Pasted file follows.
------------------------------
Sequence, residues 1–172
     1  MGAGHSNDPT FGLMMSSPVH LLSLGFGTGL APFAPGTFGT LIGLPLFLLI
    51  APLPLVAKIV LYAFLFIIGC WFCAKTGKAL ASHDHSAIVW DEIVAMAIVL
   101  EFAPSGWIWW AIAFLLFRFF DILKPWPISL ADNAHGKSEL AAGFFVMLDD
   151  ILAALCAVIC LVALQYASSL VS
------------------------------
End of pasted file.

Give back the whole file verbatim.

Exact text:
Sequence, residues 1–172
     1  MGAGHSNDPT FGLMMSSPVH LLSLGFGTGL APFAPGTFGT LIGLPLFLLI
    51  APLPLVAKIV LYAFLFIIGC WFCAKTGKAL ASHDHSAIVW DEIVAMAIVL
   101  EFAPSGWIWW AIAFLLFRFF DILKPWPISL ADNAHGKSEL AAGFFVMLDD
   151  ILAALCAVIC LVALQYASSL VS